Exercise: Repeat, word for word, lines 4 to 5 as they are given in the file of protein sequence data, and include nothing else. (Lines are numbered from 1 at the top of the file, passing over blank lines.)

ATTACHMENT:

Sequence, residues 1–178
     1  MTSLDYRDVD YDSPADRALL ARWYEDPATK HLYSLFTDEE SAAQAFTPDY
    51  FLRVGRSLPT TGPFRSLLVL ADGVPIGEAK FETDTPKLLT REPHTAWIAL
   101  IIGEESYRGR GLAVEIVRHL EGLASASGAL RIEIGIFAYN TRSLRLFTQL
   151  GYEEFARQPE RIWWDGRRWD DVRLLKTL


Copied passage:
   101  IIGEESYRGR GLAVEIVRHL EGLASASGAL RIEIGIFAYN TRSLRLFTQL
   151  GYEEFARQPE RIWWDGRRWD DVRLLKTL